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Page last updated at 08:06 GMT, Saturday, 28 March 2009
Today: Saturday 28 March 2009

PLEASE NOTE: We are unable to offer transcripts for our programme interviews. Today is broadcast live and the running order is subject to change.

Thousands of people are to join protests in London to demand action on poverty and climate change ahead of the G20 summit. President Obama has announced plans to spend $1.5 bn developing the infrastructures of both Afghanistan and Pakistan as part of a new strategy for beating al-Qaeda. And why do people want to believe in ghosts?


President Obama has outlined a new strategy for fighting al-Qaeda and Taleban militants. It involves spending billions of dollars building up both countries' infrastructures in return for cooperation in eliminating terrorist safe-havens. Correspondent Barbara Plett describes the reaction in Pakistan.


Thousands of people will march through London to demand "jobs, justice and climate" ahead of the G20 summit. Jane Hadden reports from central London.

Today's papers.


Morgan Tsvangirai, the Prime Minister of Zimbabwe, has issued a warning that anyone who invades the country's commercial farms will be arrested and prosecuted for "an act of theft". The statement is a direct challenge to one of Robert Mugabe's key policies of seizing white-owned farms to give to poor black Zimbabweans. Wilf Mbanga, editor of The Zimbabwean newspaper, based in the UK, discusses whether or not the comments will bring conflict.


Liberal Democrat MP Evan Harris has put forward a bill to amend the laws of succession, so that men would no longer be given precedence and heirs to the throne could marry a Roman Catholic. Correspondent Mark D'Arcy reports on the reaction in parliament.

Sports news with Rob Bonnet.


The Governor of the Bank of England, Mervyn King caused controversy this week when he advised against more government spending on fiscal stimulus packages. Dr Sushil Wadhwani CBE, former full-time external member of the Bank of England's Monetary Policy Committee, and Sir Howard Davies, director of the LSE discuss Mr King's performance as governor during the downturn.

Today's papers.


There has been an upsurge in the popularity of classic children's books such as 'Harry the Dirty Dog' and 'Le Petit Nicolas' in France. Reporter Sanchia Berg examines the reasons behind the nostalgia.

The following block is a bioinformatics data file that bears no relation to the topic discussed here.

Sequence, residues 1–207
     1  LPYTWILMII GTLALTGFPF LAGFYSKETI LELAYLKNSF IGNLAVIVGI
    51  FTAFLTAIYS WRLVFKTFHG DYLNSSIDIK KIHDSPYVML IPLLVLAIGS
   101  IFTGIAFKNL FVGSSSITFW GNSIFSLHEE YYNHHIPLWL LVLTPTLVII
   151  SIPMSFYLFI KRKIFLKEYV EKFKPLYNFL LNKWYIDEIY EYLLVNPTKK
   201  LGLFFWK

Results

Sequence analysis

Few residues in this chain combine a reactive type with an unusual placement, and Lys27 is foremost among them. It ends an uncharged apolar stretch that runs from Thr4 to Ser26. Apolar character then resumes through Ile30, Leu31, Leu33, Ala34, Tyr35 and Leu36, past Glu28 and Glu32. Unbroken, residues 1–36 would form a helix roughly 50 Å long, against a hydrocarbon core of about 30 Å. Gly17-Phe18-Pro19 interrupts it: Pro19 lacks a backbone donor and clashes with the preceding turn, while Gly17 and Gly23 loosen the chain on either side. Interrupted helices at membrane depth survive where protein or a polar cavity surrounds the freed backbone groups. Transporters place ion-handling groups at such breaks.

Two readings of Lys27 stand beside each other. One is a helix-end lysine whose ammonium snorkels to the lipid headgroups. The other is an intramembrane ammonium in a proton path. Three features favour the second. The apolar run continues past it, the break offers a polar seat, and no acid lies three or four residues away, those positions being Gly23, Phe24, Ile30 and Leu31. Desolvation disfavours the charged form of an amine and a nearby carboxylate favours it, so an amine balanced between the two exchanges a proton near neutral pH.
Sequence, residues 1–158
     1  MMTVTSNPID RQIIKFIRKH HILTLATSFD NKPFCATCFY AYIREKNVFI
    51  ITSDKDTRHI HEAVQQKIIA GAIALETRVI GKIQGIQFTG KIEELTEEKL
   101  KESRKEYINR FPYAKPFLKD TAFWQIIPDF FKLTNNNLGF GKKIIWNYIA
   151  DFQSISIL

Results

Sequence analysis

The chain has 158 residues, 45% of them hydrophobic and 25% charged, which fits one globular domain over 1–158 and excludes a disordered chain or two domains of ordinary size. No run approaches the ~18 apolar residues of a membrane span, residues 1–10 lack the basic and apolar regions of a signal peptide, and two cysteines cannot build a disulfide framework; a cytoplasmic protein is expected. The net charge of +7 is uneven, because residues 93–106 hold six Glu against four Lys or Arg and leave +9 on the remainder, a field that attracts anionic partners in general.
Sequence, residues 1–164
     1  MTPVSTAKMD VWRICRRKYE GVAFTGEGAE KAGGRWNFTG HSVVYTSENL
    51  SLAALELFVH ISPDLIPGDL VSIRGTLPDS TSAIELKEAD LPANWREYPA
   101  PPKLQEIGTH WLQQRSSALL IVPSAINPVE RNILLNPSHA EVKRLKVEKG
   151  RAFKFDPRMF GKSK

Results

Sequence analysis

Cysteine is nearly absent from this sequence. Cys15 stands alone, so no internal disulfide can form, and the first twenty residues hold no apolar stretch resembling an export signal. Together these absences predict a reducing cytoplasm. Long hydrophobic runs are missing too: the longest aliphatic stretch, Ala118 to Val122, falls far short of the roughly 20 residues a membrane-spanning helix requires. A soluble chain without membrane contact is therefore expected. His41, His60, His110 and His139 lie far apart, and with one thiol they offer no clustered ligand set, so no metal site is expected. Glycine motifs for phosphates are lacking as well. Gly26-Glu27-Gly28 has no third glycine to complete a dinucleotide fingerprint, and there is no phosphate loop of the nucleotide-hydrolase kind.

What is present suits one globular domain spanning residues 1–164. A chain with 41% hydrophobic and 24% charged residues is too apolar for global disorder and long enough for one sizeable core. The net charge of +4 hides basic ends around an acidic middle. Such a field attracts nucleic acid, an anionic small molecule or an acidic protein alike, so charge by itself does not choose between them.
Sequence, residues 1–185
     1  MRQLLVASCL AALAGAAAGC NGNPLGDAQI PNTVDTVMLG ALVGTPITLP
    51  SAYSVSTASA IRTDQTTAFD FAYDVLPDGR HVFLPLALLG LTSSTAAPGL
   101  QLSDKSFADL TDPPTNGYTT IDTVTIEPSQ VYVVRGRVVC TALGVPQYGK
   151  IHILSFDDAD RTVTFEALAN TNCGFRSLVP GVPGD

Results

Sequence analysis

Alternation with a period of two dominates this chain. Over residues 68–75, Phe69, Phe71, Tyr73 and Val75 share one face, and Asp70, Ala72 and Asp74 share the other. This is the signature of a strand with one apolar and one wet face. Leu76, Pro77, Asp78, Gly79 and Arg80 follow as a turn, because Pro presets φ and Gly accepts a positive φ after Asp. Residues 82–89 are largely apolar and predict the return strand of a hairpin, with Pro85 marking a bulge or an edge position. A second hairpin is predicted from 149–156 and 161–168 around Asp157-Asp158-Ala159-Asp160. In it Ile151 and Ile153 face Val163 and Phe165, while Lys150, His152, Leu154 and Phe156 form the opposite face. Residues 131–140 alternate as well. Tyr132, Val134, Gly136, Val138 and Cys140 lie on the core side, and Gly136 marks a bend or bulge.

Thought for the day with Catherine Pepinster.


The exams watchdog Ofqual has criticised GCSE science exams for being 'too easy', particularly Physics. Professor Andrew Hunt, who developed the new GCSE qualifications says that the exams don't reflect the content of the new courses, which is "about communicating science and being able to use and apply scientific terms and language".


President Obama has announced his new strategy for Afghanistan, which includes providing funds to develop the country's infrastructure, as well as deploying 4000 extra troops. Jason Burke, correspondent for the Observer speaks to some of the troops there.


A coalition of campaigners from a variety of charities and unions will march through London to demand action on poverty and climate change ahead of the G20 summit. 'Put People First' will urge world leaders to come up with a "fair, sustainable route out of recession" that also factors in environmental issues. Brendan Barber, General Secretary of TUC discusses the policy changes that 'Put People First' would like to see implemented after G20.


It's been 30 years since James Callaghan's Labour government was defeated in the Commons by Margaret Thatcher. Presenter James Naughtie looks back at the events that led to Mrs Thatcher's victory.


The Musicians' Union has urged the Government to "move heaven and earth" to extend copyright protection for recording artists after talks on a deal broke down in Brussels. Mike Batt - Deputy Chairman of the BPI (British Phonographic Industry) discusses the problems faced by musicians due to lack of copyright protection.

Sports news with Rob Bonnet.


The handling by the police of cases involving serial rapists John Worboys and Kirk Reid have led to accusations of institutional prejudice when dealing with crimes against women. 'Rebecca' was raped in 2005 and her case became the subject of an IPCC report which found serious failings in the way Southwark police operated. She describes how she was treated by police and Brian Paddick, former Deputy Assistant Chief Commissioner of the Metropolitan Police discusses the reasons for police failings in dealing with rape cases.


President Obama has announced that it will send funds to Pakistan to help build up the country's infrastructure in exchange for help in tackling terrorism. Tariq Ali, author of 'The Duel; Pakistan on the Flight Path of American power' discusses whether or not the money will have the impact intended by the US.


Gordon Brown has been on a five-day, three-continent trip ahead of the G20 summit with the intention of drumming up support for his economic policies. Political editor Nick Robinson considers how successful he has been.


Russian President Dmitry Medvedev has hinted on television that Russian "anti-terror" operations in Chechnya, which many Chechens regard as an effective occupation, will soon come to an end. Professor Mark Almond, lecturer in Modern Russian History at Oxford University discusses the President's remarks.


There has been huge response to an online survey asking people to send in their pictures of ghosts, with over 300 photos sent in and over 500,000 people voting for the one they think is the most convincing. Professor Richard Wiseman, who conducted the survey and Dr Ciaran O'Keeffe, presenter of "Most Haunted" discuss people's enduring belief in ghosts.


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